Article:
Dec. 18: Test of Agni P, a new generation nuclear-capable ballistic missile. Various telemetry, radar, electro-optical stations, and downrange ships positioned along the eastern coast tracked and monitored the missile’s trajectory and parameters. The Agni P is a canisterized two-stage solid-propellant ballistic missile with dual redundant navigation and guidance system. This second flight test proves the reliable performance of all the advanced technologies integrated into the system.

Dec. 18: Flight demonstration of the controlled aerial delivery system of 500 kg capacity. The weapon system drops payloads up to 500 kg at a predetermined location by using maneuverable capabilities of the ram-air parachute (RAP) and global positioning system for the coordinates, altitude, and heading sensors during its flight.

Dec. 22: Maiden flight test of surface-to-surface missile Pralay. The missile is powered by a solid-propellant rocket motor and many new technologies. The missile has a range of 150-500 km and can be launched from a mobile launcher. The missile guidance system includes a state-of-the-art navigation system and integrated avionics.

Dec. 23: Test flight of the High-speed Expendable Aerial Target (HEAT) Abhyas. This unmanned aerial target system aims to meet the requirement of aerial targets. The aircraft is controlled from a ground-based controller and Inertial Navigation System along with the Flight Control Computer.

Dec. 23: Test flight of conventional surface-to-surface missile Pralay. For the first time, two consecutive flight tests of a ballistic missile on two consecutive days.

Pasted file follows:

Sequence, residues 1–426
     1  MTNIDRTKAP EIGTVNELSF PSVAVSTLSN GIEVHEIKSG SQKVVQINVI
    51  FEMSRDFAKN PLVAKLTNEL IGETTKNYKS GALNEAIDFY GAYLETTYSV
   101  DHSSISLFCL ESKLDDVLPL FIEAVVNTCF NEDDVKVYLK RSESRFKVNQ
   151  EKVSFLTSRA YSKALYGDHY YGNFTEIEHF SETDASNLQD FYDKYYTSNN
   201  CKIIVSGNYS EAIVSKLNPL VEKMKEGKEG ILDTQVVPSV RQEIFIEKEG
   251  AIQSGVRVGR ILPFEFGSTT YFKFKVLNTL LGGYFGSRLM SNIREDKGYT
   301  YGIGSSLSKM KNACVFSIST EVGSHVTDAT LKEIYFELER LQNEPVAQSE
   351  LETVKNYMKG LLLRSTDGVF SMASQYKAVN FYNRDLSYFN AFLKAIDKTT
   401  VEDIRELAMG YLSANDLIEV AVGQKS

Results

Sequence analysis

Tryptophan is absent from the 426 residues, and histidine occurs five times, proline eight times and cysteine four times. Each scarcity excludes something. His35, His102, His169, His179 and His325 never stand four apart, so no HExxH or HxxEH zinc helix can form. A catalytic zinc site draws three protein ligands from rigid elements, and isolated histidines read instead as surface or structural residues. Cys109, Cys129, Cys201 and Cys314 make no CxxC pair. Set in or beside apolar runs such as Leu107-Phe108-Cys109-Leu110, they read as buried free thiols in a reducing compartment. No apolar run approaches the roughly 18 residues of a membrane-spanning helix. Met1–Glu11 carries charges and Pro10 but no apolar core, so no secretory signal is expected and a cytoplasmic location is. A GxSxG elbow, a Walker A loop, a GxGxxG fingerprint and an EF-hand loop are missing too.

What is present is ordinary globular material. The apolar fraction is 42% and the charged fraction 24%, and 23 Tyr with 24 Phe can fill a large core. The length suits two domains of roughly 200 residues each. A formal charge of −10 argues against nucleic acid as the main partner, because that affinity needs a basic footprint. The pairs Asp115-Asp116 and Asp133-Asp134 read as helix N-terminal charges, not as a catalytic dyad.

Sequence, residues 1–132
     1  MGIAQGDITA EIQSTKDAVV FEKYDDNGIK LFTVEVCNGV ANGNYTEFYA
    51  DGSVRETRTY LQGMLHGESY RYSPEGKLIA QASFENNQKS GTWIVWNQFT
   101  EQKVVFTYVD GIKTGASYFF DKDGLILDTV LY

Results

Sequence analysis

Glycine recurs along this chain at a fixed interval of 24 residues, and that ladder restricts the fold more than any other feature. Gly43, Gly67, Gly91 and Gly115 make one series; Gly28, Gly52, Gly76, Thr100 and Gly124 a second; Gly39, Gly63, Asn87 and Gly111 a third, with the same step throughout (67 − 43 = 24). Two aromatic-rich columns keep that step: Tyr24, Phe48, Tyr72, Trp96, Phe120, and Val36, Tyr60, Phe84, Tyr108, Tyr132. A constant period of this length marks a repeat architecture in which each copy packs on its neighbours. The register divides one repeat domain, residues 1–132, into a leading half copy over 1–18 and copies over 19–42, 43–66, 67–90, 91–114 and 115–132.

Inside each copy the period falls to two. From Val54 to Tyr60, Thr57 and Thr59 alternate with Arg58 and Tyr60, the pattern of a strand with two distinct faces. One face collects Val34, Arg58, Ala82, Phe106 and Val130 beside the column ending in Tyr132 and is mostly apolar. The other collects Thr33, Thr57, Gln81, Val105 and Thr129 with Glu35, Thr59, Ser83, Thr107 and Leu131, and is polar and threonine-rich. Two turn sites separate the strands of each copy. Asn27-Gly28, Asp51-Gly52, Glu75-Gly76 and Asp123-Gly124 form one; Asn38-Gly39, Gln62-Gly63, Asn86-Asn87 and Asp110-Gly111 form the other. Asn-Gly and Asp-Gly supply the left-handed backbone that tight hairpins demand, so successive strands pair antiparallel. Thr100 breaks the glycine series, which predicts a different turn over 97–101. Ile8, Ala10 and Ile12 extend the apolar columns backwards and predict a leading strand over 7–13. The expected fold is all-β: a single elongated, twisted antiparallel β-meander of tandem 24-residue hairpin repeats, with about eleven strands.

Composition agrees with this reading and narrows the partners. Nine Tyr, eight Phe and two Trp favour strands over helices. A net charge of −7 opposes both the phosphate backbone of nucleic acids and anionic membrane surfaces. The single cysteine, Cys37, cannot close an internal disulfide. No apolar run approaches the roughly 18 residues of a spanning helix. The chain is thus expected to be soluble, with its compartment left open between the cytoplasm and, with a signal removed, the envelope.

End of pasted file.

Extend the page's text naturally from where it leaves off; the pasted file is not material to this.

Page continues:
Sources: https://pib.gov.in/allRel.aspx Press Information Bureau, Ministry of Defense, Government of India

Pakistan

Jan.7: Pakistan conducts a test flight of the Fatah-1 (guided multi-launch rocket system) capable of delivering a conventional warhead up to a range of 140 km.

Jan.20: Flight test of the Shaheen-III surface-to-surface ballistic missile, having a range of 2,750 km. The test flight revalidates various design and technical parameters of the weapon system.

Feb.3: Training launch of the Ghaznavi surface-to-surface ballistic missile capable of delivering nuclear and conventional warheads up to a range of 290 km.

Feb.11: Test launch of Babur Cruise Missile IA, with a range of 450 km. The missile is capable of engaging targets on land and at sea with “high precision.”

March 26: Flight test of the Shaheen-1A surface to surface ballistic missile having a range of 900 km.

April 7: Launch of air defense weapon systems and surface-to-air missiles (SAMs) LY-80 Missile and FM-90 Missile.

Aug.12: Test launch of surface-to-surface ballistic missile Ghaznavi.

Aug. 24: Test flight of Fatah-1 (guided multi-launch rocket system), capable of delivering a conventional warhead.

Nov. 25: Flight test of the Shaheen-1A surface-to-surface ballistic missile. The test revalidates certain design and technical parameters of the weapon system.

Dec 21: Test-fire of “enhanced range” version of the Babur Cruise Missile 1B.

Source: The Inter-Services Public Relations (ISPR)

Copyright 2022 Anadolu Agency. All rights reserved. This material may not be published, broadcast, rewritten, or redistributed.